In every genre, there are certain elements that readers have come to expect. In romance, it's the happy ending; in mystery, it's the unexpected twist; in fantasy, it's the epic quest. These elements are comfortable and familiar, but they can also become predictable. That's where challenging the norms comes in. By taking these familiar elements and turning them on their head, you can create a sequel that is fresh, exciting, and unexpected. This not only keeps your readers engaged, but it also allows you to explore new aspects of your characters and your world.
I've already gone into the concept I tackled with The Colony Saga, and how I twisted some of them around. Similarly, my most popular series turned a bad guy into an aggressively awesome good guy (albeit one you really don't want to cross). I can't tell you how many reviews I've read that essentially say, "I can't believe I'm rooting for a serial killer!" or how awesome that is!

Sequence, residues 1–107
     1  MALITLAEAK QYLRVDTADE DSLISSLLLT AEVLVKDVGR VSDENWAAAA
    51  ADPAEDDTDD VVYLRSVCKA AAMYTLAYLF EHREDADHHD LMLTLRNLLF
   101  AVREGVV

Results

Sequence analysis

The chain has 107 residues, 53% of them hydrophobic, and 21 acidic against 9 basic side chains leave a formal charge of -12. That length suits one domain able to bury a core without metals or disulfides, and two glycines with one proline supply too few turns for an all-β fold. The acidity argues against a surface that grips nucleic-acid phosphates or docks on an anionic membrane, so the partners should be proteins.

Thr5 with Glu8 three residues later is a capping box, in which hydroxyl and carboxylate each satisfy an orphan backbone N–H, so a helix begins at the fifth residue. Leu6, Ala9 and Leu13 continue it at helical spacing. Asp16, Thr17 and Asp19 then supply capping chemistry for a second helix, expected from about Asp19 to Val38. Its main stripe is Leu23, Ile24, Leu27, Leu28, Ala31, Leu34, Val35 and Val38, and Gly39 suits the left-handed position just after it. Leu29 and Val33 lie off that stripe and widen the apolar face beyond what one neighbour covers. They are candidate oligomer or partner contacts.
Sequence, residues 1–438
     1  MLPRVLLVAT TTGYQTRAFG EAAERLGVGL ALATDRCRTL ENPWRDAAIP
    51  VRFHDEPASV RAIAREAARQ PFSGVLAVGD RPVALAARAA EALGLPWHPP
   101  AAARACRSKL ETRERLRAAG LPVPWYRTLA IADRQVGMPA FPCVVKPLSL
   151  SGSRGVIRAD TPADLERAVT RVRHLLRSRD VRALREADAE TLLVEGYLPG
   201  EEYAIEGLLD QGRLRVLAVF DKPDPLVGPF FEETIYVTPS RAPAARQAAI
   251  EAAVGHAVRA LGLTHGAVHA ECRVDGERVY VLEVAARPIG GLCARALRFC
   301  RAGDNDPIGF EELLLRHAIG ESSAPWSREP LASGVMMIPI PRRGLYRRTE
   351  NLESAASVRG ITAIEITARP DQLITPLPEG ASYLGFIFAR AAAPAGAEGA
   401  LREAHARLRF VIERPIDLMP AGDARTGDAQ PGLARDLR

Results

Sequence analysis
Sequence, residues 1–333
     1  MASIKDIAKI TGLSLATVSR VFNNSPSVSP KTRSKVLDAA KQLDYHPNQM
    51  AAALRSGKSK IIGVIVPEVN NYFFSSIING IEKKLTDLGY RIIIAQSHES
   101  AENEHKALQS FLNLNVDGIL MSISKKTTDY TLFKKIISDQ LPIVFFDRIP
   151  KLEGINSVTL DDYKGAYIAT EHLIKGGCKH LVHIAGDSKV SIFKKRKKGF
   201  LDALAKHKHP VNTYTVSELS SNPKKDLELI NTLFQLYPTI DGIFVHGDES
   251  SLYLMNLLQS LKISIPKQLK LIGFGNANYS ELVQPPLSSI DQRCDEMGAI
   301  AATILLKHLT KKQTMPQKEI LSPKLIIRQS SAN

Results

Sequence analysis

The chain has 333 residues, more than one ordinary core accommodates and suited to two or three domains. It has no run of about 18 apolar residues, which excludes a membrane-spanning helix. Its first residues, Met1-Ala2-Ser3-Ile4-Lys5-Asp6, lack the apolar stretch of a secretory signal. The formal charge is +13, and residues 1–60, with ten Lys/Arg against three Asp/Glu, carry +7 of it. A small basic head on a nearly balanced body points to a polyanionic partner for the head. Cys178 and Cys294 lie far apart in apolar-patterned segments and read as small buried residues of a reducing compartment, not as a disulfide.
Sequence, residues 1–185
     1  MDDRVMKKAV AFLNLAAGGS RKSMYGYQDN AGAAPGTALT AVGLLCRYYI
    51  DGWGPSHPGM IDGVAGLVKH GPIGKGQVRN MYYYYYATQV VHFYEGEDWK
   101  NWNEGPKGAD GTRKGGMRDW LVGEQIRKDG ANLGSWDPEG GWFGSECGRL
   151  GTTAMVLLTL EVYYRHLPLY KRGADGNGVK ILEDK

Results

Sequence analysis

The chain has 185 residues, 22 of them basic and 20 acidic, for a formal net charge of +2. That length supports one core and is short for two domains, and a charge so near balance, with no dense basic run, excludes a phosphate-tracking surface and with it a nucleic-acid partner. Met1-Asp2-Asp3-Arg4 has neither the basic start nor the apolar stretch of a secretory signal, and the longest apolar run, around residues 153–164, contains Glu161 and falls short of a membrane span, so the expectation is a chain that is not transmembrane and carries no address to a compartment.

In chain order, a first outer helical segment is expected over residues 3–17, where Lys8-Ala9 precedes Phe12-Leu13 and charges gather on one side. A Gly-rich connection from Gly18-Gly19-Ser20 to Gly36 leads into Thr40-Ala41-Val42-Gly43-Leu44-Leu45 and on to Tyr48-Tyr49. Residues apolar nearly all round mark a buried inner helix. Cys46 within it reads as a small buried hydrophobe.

But challenging the norms isn't just about being different—it's about being true to your story. It's about asking yourself, "What does my story need? What will serve my characters and their journey?" Sometimes, the answer to these questions will lead you down a path that defies genre conventions. And that's okay. In fact, it's more than okay—it's exciting, it's innovative, and it's what makes your sequel truly yours.
Sequels can be awesome--both financially and emotionally, for you and for your readers alike. They can also be a stale, heartless, soulless time-suck. So go into yours knowingly. Have good, sustainable reasons both internally and externally, and make sure you pay attention to the easy character and story choices...so you can avoid them, and give your audience something so delightful they'll be clamoring for more.
I'm Michaelbrent Collings, an international bestseller and produced screenwriter, as well as a multiple Bram Stoker Award and Dragon Award finalist, and maker of a fair-to-middling chocolate chip waffle.